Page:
We must in my opinion begin by distinguishing between that which always is and never becomes from that which is always becoming but never is. The one is apprehensible by intelligence with the aid of reasoning, being eternally the same, the other is the object of opinion and irrational sensation, coming to be and ceasing to be, but never fully real. In addition, everything that becomes or changes must do so owing to some cause; for nothing can come to be without a cause. [Timaeus, 3:28]
Smith writes of the existing or becoming things that
they come upon the scene, we know not from whence; they grow, change, and decay; and at last they disappear, to be seen no more. The physical cosmos itself, we are told, is a case in point: it, too, has made its appearance, perhaps some twenty billion years ago, and will eventually cease to exist [i.e., finally succumbing, we are told, to thermodynamic entropy or heat death]. What is more, even now, at this very moment, all things are passing away. Dead is the man of yesterday, wrote Plutarch, for he dies into the man of today: and the man of today is dying into the man of tomorrow. Indeed, to be in time is a sure symptom of mortality. It is indicative, not of being, but of becoming, of ceaseless flux.
All the multiplicity of existents in the universe are in a state of becoming and passing away. But Platos great insight is that all things in the state of becoming that is, all existing things are whatever they are because they are participations in Being. That is to say, we perceive the trace of being in all that exists, writes Smith, and that is why we say, with reference to any particular thing, that it is. Existence, in other words, is contingent on Being.
But we wonder: In what way is this possible? And if existents participate in being, what is that Being in which they participate?
In Exodus 3:14 Moses has experienced a theophany: While tending his flock on Mount Horeb, suddenly he hears the voice of God issuing from a burning bush: God is speaking to him! Reverentially, Moses inquires of God what is His name (meaning: what is His nature or character).
And God said unto Moses, I AM WHO AM: and He said, Thus shalt thou say unto the children of Israel, I AM hath sent me unto you.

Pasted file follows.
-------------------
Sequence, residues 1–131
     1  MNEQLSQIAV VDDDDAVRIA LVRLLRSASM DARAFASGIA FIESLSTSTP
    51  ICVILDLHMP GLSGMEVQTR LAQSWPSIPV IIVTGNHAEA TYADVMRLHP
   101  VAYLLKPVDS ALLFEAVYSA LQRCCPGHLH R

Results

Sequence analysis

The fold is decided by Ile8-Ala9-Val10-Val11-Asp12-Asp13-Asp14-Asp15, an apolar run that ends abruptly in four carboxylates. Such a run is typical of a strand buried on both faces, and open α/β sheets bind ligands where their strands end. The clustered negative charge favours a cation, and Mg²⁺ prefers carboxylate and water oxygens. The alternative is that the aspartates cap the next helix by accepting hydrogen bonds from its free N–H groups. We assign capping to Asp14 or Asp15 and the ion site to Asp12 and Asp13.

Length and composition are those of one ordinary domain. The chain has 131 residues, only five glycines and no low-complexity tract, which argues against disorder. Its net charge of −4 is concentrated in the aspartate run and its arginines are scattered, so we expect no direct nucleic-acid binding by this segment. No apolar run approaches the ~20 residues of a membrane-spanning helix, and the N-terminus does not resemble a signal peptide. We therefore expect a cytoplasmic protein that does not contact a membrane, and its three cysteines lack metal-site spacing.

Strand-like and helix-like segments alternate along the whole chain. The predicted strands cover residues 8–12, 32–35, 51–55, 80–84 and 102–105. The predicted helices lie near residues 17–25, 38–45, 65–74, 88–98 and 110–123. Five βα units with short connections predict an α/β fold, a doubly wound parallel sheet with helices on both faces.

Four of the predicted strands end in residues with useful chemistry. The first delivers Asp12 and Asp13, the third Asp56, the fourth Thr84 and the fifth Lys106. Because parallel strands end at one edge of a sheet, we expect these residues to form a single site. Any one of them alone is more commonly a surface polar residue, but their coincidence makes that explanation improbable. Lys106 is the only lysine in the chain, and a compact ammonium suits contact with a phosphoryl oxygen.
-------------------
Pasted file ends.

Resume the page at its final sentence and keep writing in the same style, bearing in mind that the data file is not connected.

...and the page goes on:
God has told Moses: that He is Being (I AM). And the strong implication is that there is no other being: I alone AM. For I is plainly singular in form.
Smith draws the crucial point, God alone IS. But how are we to understand this? It seems to me, writes St. Gregory of Nyssa, that at the time the great Moses was instructed in the theophany he came to know that none of those things which are apprehended by sense perception and contemplated by the understanding really subsist, but that the transcendent essence and cause of the universe, on which everything depends, alone subsists. But why? Does not the world exist? Are there not myriads of stars and galaxies and particles of dust, each existing in its own right? And yet we are told that the transcendent essence alone subsists. For even if the understanding looks upon any other existing things, the great theologian goes on to say, reason observes in absolutely none of them the self-sufficiency by which they could exist without participating in true Being. On the other hand, that which is always the same, neither increasing nor diminishing, immutable to all change whether to better or to worse (for it is far removed from the inferior and has no superior), standing in need of nothing else, alone desirable, participated in by all but not lessened by their participation this is truly real Being.
Smith continues: In the words of St. Gregory, that which is always the same, neither increasing nor diminishing, immutable to all change is truly real being. As concerns existing things, on the other hand, the teaching implies that these entities are always changing, always in a state of flux, so that their very existence is in a way a process of becoming, in which however nothing is actually produced. This has been said time and again, beginning with Heraclitus and the Buddhist philosophers. And there can be little doubt that it is true: even modern physics, as we can see, points to the same conclusion. Only there is another side to the coin which is not always recognized. Existent things the very flux itself presuppose what Gregory and the Platonists have termed a participation in Being. The point is that relative or contingent existences cannot stand alone. They have not an independent existence, a being of their own. In Him we live, and move, and have our being, says St. Paul .
St. Augustine confirms the Platonic insight this way:
I beheld these others beneath Thee, and saw that they neither altogether are, nor altogether are not. An existence they have, because they are from Thee; and yet no existence, because they are not what Thou art. For only that really is, that remains unchangeably.